To me, the primary purpose of the bicycle is transportation, in its purest, cleanest, and most efficient form. Through the sport of cycling, we get to pedal great distances through cities, and over mountains, winning the battle against gravity and resistance. However, my profession as a professional cyclist is ironically one of the most difficult to commute to by bike. I spend a lot of my time in airplanes and my team van, flying and driving all over the world to get the chance to compete on my bike with other cyclists. This dichotomy of my bike, a clean and our most efficient self-powered mode of transportation, and my dirty, inefficient travel to races, has prompted me to start a ‘green’ campaign this year and lessen my cycling carbon footprint.
Raised in suburban Philadelphia, I was instilled with the importance of a low-impact lifestyle. My parents generate their own electricity with solar panels, grow their own fruits and vegetables in their garden, and tend a chicken coop. So this year, I am striving to practice and promote these principles in my professional cycling career. For one, I am offsetting all of the CO2 emissions that my race-related travel generates by supporting carbon-reducing projects via CarbonFund.org.
The average American generates about 10 tons of CO2 directly through their home, car, and travel, and another 23 tons through the economy, buying clothes, food, and other goods and services. With those staggering numbers in mind, here are a few other ways that I have committed to reducing my impact in both these areas: using my bicycle or motorcycle for transportation instead of my car whenever possible; spending a few extra dollars to buy local produce (much of our grocery stores’ produce is shipped from all around the world, creating a needlessly large carbon footprint); using reusable bags for shopping; turning off lights and unplugging electronics when not in use (even when an electronic device is turned off, it still uses a small amount energy when plugged in); recycling as much as possible (which sometimes means a trip to the recycling station at the mouth of Emigration Canyon).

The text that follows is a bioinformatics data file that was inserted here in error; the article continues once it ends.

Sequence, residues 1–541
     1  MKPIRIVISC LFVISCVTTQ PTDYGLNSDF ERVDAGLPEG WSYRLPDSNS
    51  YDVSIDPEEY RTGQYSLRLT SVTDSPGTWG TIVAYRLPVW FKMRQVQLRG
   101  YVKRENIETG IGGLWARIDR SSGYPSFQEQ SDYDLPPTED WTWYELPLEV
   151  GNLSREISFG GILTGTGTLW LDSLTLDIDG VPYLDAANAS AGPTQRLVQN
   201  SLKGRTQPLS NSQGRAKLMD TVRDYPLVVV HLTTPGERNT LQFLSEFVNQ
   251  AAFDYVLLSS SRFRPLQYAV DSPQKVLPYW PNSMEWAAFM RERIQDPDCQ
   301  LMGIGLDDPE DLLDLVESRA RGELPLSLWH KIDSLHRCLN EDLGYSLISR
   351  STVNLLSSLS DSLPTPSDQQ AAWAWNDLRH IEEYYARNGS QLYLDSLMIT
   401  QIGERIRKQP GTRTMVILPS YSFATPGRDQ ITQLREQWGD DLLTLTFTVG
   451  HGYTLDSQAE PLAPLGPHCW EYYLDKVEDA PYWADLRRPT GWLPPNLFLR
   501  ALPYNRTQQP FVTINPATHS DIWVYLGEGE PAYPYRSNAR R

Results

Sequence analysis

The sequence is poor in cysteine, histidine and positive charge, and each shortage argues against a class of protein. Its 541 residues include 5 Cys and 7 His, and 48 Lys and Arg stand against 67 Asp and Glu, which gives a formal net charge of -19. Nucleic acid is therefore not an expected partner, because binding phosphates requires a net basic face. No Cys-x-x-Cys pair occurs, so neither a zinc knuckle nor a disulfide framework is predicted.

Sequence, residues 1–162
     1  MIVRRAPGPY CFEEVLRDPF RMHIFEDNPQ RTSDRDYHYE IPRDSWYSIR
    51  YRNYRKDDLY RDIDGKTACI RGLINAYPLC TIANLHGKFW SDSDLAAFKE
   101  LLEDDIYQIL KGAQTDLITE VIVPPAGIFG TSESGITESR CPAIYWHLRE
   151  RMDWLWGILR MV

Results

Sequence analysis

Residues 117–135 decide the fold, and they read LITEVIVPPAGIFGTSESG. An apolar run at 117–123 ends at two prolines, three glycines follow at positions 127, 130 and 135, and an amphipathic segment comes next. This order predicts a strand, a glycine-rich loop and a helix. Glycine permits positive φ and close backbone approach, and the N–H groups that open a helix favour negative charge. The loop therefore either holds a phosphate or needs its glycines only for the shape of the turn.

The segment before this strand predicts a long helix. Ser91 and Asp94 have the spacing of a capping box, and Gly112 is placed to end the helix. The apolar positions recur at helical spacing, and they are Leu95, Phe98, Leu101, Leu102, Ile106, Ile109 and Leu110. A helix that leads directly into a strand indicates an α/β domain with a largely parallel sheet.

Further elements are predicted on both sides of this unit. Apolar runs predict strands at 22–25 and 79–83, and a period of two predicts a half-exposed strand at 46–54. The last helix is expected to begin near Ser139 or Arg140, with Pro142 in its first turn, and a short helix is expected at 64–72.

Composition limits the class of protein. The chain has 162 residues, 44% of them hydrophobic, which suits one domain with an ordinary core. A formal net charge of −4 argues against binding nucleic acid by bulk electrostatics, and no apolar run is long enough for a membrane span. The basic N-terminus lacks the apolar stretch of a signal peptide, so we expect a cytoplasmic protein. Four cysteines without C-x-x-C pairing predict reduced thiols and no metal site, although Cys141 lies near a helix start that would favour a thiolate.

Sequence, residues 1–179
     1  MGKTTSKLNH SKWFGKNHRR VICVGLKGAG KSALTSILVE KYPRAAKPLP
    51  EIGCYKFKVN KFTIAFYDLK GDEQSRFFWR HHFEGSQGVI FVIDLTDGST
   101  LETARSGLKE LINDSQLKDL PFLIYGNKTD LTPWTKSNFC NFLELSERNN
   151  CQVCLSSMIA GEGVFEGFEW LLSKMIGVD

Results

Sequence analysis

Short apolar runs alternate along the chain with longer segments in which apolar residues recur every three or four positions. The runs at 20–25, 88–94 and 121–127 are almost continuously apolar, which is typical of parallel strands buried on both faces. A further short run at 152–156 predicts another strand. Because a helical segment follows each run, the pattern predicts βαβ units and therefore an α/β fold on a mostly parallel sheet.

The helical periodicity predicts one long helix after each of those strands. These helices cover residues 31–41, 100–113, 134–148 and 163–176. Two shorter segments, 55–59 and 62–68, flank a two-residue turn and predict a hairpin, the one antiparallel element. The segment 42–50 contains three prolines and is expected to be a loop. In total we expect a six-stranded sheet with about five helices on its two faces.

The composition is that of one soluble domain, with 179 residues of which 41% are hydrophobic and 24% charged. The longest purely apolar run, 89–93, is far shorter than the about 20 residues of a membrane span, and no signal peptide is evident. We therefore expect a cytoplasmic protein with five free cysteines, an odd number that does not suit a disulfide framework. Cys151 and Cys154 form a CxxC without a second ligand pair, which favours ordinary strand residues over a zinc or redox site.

We are lucky to be living in such a bike-friendly area. Mayor Becker, a cyclist himself, has done a lot of work in Salt Lake City advocating for cyclists, raising awareness of our presence on the road, and installing bike paths and bike lanes throughout the city. I feel thankful for that and encouraged by the amount of bike commuters I see on the roads each week. Guessing at how much time I sit idling at stop lights downtown when I do need to drive around town, I know that collectively the bike commuters make a huge difference in our valley’s air quality and overall impact on our environment, so I applaud your efforts and wish that I could count myself as a bike commuter in my profession.
I know that in general, cyclists are some of the most environmentally conscious citizens of Utah, so I hope I was able to get you thinking about how much of a positive impact a bicycle and thinking green can have on our beautiful landscape. You can track my carbon offsets this season on my website, TylerWren.com. Thanks for reading, and see you out on the bike lanes!
Tyler Wren is a professional cyclist for the Jamis/Sutter Home Professional Men’s Cycling Team living in downtown Salt Lake City. He also coaches athletes and is available for cyclocross and road cycling clinics. To find out more information, contact Tyler at [email protected] or 610-574-1334.